Trump demands police 'get tough' as he abandons plan to send in troops

Donald Trump tweets early morning demand for police to ‘get tough’ as he privately abandons plan to send in federal troops to quell looting after ‘shouting match’ between aides and backlash at his church photo-op

  • Donald Trump asserted in a more than 35-tweet tirade Wednesday morning that police need to ‘get tough’ on violent protesters across the country
  • He also demanded ‘LAW & ORDER!’ and shared that ‘The National Guard is ready!’ after New York City businesses had to board up their windows 
  • The claims come after the president privately has backed off his plan to deploy active-duty military to quell rioters amid backlash at his Monday photo-op
  • A discussion over the idea led to a shouting match during a Monday meeting with the president between administration officials who supported and opposed
  • The president claims state and local leaders need to be more tough and officials say Trump wanted Washington, D.C. to be an example for other cities  
  • Hundreds of army soldiers armed with bayonets arrived at two military bases near the nation’s capital on Tuesday evening
  • On Monday, military helicopters hovered over demonstrators to disperse crowds gathering after the 7:00 p.m. curfew and Trump called it a ‘show of force’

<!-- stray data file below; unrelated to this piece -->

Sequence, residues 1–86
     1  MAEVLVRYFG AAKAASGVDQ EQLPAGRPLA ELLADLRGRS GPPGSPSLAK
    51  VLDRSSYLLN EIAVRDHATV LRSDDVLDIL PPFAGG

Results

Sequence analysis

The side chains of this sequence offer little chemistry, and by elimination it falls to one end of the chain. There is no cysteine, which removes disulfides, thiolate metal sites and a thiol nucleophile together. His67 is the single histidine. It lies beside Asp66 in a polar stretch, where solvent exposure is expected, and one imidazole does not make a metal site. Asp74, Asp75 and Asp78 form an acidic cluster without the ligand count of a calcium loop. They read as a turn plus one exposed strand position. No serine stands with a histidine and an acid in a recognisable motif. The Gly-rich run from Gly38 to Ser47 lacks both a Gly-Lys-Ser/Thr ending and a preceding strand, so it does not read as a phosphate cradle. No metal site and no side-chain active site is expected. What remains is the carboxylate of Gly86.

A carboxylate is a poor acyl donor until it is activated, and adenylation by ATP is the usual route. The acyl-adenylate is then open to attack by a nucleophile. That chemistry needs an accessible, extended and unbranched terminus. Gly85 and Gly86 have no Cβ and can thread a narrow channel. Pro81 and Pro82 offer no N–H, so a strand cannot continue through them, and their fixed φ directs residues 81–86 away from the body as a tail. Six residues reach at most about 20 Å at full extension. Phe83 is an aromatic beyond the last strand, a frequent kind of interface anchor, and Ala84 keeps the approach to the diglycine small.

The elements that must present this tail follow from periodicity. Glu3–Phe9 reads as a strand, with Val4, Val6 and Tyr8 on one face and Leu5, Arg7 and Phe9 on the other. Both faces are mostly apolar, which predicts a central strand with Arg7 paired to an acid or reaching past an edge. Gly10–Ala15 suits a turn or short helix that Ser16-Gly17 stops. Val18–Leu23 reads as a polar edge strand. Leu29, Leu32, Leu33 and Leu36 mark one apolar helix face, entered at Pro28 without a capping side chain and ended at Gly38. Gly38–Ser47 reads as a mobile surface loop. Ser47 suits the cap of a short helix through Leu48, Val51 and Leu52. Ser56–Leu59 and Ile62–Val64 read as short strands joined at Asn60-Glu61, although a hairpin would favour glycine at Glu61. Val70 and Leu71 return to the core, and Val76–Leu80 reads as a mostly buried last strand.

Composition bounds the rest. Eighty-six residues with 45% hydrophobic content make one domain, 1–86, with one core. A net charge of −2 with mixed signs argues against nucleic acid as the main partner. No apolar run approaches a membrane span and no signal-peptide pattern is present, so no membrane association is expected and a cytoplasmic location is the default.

• Defense officials revealed Trump inquired about the use of military ‘tanks’ and ‘hardware that could help restore order   
  • Trump also called for helicopters to blast protesters with their downdraft as a ‘show of force’ against demonstrators

Donald Trump demanded Wednesday that police ‘get tough’ after a sixth night of nation-wide protests – but privately, the president is backing off his plan to send in federal troops to stifle rioters.

While President Trump launched a more than 35-tweet tirade Wednesday morning, in part claiming that the violent protesters are ‘domestic terrorists,’ he also abandoned his idea to dispatch the military after officials claimed local governments should take charge, the Associated Press reported.

Trump told members of his cabinet over the last week that he wants to send the military into American cities – a proposal that led to a heated yelling-match between those supporting the notion and those opposed.

Vice President Mike Pence and Defense Secretary Mark Esper supported the idea, claiming it would give the federal government quicker control over the situation than if it were to take over and activate the National Guard.

Attorney General Bill Barr and Joint Chiefs of Staff General Mark Milley, however, warned against the plan.

Barr was concerned with infringing on states’ rights if the military were deployed to different cities across the country facing riots and Gen. Milley assured the president he had enough force in D.C. to secure the city.